- The Washington Times - Monday, September 7, 2015


Recently, I read an article about UT Knoxville’s idea of inclusive pronouns as a way to evolve the English language. I am all for it with one exception: The system of words created is too overly complicated.

Years ago, I toyed with the concept of gender-neutral pronouns for both gender and practical reasons. Frankly, I cannot think of a single person who enjoys the flow of saying or writing “he or she” instead of utilizing a single word. This is not an entirely new concept since the English language already has gender-neutral plural pronouns; we just lack the singular form.

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I suggest that we embrace a modified form of commonly used incorrect grammar.

Many people already use “they” incorrectly as a gender-ambiguous singular pronoun even though it is plural. For example, “If anyone is interested, they can call me.” Sounds better than “If anyone is interested, he or she can call me,” but it is still grammatically wrong.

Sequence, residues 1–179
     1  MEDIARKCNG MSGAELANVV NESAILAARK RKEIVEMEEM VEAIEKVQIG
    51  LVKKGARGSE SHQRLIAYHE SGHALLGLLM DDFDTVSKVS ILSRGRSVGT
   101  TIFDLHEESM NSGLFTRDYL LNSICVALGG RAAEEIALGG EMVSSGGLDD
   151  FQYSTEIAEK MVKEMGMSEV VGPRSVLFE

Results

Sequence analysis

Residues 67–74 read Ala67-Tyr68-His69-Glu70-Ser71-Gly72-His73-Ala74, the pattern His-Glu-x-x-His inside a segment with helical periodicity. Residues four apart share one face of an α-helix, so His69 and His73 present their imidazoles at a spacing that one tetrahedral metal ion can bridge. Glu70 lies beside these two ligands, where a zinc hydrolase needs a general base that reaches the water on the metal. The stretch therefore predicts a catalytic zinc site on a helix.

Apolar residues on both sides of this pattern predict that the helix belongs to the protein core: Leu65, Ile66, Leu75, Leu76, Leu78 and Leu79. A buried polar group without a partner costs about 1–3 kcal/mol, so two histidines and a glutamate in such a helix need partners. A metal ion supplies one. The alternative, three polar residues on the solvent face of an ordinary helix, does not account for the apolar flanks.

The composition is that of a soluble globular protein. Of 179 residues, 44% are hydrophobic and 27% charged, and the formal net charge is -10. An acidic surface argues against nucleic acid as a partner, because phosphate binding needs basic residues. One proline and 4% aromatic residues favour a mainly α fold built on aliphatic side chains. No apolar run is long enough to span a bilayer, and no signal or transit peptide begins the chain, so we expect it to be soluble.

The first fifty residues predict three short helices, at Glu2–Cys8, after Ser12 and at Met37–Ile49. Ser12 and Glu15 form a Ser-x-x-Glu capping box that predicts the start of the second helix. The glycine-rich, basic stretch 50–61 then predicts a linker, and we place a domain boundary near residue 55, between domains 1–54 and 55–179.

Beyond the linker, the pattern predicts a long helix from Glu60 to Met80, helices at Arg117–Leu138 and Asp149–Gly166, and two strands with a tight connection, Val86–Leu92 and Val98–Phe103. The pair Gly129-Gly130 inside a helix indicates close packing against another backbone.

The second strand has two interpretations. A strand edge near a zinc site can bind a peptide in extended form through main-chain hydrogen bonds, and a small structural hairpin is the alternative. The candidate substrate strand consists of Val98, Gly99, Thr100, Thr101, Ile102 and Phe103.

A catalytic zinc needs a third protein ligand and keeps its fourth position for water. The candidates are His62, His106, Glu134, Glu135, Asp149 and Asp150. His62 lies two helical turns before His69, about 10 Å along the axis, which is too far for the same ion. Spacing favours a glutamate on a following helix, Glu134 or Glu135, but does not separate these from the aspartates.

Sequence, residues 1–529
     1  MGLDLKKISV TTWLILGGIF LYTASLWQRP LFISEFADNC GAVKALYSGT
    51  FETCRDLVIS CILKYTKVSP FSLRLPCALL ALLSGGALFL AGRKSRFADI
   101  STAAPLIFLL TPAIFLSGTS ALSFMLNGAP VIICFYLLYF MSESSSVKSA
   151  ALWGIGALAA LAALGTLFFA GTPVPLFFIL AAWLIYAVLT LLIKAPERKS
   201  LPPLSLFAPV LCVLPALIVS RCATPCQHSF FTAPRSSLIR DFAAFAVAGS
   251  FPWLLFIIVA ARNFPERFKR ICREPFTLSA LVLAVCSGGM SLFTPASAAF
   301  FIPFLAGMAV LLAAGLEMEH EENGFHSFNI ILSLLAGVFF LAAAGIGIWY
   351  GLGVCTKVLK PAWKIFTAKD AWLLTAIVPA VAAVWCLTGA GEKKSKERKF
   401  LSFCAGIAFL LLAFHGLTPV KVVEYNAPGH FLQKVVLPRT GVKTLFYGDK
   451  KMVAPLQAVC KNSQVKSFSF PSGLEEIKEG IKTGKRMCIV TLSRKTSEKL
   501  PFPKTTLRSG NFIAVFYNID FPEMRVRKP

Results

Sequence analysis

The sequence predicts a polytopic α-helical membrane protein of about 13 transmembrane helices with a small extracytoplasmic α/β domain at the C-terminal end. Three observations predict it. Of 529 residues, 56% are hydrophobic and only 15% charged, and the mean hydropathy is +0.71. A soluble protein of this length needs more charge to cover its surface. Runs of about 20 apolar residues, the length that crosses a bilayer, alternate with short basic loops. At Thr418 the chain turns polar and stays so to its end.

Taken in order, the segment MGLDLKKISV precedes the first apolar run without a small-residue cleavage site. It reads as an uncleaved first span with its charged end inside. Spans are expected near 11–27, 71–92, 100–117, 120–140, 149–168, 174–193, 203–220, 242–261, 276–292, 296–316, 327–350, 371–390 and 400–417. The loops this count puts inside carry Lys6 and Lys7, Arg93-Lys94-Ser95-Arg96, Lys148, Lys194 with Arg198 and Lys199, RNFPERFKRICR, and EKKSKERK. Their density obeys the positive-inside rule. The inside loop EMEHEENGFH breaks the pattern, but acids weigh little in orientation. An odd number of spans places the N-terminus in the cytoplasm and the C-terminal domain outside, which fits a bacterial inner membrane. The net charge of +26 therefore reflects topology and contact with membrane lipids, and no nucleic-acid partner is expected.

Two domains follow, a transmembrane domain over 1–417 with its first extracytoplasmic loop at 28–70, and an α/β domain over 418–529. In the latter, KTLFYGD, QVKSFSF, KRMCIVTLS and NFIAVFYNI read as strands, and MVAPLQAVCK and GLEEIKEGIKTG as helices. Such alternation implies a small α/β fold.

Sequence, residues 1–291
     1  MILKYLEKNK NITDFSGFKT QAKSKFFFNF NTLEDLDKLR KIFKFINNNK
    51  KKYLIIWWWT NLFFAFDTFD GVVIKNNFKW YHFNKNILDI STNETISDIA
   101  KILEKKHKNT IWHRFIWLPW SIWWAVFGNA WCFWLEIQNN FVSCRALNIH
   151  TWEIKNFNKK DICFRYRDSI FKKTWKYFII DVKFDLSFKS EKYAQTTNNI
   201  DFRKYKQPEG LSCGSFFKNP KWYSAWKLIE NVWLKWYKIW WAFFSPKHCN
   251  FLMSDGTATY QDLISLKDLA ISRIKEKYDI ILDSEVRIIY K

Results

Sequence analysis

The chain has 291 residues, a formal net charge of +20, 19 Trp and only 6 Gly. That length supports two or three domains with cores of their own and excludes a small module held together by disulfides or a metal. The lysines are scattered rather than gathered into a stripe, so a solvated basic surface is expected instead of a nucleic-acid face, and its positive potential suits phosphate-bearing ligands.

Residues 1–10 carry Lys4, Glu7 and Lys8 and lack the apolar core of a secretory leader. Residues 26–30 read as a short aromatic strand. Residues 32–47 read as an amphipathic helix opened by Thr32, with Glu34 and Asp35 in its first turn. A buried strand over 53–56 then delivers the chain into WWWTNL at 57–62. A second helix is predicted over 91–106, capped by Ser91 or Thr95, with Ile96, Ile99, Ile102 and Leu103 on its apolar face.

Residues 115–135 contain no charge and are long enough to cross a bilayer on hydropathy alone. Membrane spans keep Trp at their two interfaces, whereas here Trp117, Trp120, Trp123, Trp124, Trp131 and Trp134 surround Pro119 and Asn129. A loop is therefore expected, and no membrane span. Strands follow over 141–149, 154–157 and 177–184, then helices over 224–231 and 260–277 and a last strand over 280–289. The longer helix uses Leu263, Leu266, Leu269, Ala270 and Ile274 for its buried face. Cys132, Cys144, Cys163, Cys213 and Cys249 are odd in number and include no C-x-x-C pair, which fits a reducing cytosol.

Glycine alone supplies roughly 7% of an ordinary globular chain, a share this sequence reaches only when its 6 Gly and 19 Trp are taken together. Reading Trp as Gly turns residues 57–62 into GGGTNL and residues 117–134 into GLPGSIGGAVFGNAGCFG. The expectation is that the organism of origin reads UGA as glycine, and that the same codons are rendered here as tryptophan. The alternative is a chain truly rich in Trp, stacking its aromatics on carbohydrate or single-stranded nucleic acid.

Therefore, to make it distinct, an easy transition would to spell the singular version as “thay.” It would be pronounced the same as “they,” making it easier to adopt, but spelled differently to serve the intended purpose of having a gender-neutral singular pronoun.

Moreover, there are other applications such as “thair” and “thay’re.”

For instance: “Whomever lost thair text book, thay can claim it at the lost and found when thay’re available.”

At the end of the day, a big hurdle is getting people to adjust. If a government-led initiative to switch to metric failed here in the U.S., then we can all accept that change is difficult. Therefore, we should make such a language transition as easy as possible.

If there is a way to deal with the gender-neutral singular of “them,” I’m all ears since the best I can come up with is “thaim.” Frankly, however, that construction is a bit clunky.

My Harvard colleague Hugues Bourgeois brought to my attention that Sweden attempted this as early as 1966, but the movement started to get recognition in 2010. Since 2014 “Hen” has been used more and more often for this purpose.

Language, like life, must be ever evolving.

⦁ Spencer Kassimir speaks several languages and received both a BA and MA from the University of Southern California in East Asian Languages and Cultures. At USC he specialized in Japanese (contemporary and some classical) and had a second focus in Chinese. He is also conversational in Spanish and Hebrew.

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